Don’t get throttled by Office 365

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Office 365 throttling

Adoption of Office 365 continues to grow, and Microsoft are always keen to talk about their success in selling it to well-known organizations such as British Airways, Toyota and Capgemini. We hear much less from Microsoft about how easy (or not) it is to migrate end users onto the Office 365 platform.

Migrating to Office 365 can be a complex project for all but the smallest of organizations, and it has created a healthy market for a wide range of third-party tools and solutions which to address the various aspects of migration. These include our own ‘PST Enterprise’ product which migrates PST files from end users systems and network drives into Office 365.

Speed limits ahead

The biggest obstacle faced by these solutions is that of performance.  Microsoft have imposed strict limits on the speed at which data can be migrated into Office 365, and all applications are ‘throttled’ to ensure that they stay within these limits.  Throttling is one of the means by which Microsoft manages the operation of Office 365 to ensure that all customers get a good service.  It has to ensure that each tenant behaves as a ‘good neighbor’ and does not impact others by using excessive bandwidth or resources.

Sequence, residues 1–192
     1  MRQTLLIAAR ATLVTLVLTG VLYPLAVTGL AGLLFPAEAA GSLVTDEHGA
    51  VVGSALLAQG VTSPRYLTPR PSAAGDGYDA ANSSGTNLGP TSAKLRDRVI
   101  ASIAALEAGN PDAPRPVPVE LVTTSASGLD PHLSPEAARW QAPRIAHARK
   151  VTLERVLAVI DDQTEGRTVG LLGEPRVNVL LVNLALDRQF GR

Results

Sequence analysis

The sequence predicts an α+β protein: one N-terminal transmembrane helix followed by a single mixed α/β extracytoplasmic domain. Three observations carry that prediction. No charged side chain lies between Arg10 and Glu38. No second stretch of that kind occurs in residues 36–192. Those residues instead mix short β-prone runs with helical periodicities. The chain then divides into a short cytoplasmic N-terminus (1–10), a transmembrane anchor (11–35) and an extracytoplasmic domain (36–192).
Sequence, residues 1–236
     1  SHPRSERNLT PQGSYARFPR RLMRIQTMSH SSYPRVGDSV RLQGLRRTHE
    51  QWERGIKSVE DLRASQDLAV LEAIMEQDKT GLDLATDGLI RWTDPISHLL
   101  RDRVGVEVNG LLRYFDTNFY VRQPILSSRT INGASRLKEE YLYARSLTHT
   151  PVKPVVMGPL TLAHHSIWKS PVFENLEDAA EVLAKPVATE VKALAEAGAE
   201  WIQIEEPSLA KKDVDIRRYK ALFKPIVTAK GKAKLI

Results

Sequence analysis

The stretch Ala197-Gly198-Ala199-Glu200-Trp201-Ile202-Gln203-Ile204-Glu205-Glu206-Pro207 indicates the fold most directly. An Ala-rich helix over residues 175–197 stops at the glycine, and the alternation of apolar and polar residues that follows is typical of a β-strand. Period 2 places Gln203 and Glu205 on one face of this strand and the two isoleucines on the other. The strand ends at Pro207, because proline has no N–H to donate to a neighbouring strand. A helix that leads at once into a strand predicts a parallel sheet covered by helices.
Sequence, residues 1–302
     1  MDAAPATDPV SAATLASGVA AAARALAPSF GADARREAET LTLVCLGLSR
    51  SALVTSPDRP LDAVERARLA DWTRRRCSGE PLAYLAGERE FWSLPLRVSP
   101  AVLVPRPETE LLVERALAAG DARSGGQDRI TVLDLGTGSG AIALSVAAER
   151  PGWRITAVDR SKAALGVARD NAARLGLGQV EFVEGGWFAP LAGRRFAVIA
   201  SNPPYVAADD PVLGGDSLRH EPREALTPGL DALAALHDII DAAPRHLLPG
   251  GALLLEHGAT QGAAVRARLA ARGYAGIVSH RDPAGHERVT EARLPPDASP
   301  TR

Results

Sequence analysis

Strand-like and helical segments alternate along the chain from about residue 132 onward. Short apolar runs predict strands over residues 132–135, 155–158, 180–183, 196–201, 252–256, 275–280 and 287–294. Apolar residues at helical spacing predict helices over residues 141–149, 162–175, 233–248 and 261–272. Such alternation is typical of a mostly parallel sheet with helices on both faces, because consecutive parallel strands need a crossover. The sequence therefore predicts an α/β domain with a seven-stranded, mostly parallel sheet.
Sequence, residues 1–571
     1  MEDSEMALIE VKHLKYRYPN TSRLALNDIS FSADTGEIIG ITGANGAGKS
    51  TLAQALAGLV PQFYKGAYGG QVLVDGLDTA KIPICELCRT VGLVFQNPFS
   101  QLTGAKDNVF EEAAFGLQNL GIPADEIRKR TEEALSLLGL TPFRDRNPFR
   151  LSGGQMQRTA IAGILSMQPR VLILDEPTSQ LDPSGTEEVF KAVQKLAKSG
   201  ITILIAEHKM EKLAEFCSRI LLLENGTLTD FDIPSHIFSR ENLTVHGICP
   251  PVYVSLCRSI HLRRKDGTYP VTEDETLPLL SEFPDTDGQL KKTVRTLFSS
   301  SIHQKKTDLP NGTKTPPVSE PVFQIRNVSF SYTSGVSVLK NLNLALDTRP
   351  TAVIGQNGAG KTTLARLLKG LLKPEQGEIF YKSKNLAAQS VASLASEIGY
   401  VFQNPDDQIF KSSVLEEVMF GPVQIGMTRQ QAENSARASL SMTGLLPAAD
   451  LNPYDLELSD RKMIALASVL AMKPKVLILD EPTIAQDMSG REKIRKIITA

It may be possible to negotiate with Microsoft on an individual basis to get some of the limits raised temporarily, but most customers will have to accept that speed of their migration may be less than they would like, and it could take them longer than they would expect to get all their users moved over.

Most solutions on the market migrate data from or via a central server using Office 365 admin accounts.  As throttling is enforced at an individual account level they use multiple admin accounts to circumvent this, however Office 365 also applies throttling at an overall level per tenant for admin accounts.  This limit cannot be worked around, so performance will still be capped.

Take a different route

A few solutions, such as our own PST Enterprise product, take a different approach and migrate data directly from each end user system straight into Office 365 rather than going via a central server.  They also access Office 365 using the end user account associated with each file, rather than using dedicated admin accounts.  This means that rather than running a small number of high-volume migrations, these solutions process a much larger number of smaller-volume individual migrations.

This parallel processing approach is much less susceptible to Office 365 throttling, and whilst their migration will still be a complex process it will be possible for organizations to complete it much more quickly and with less overall disruption to end users.

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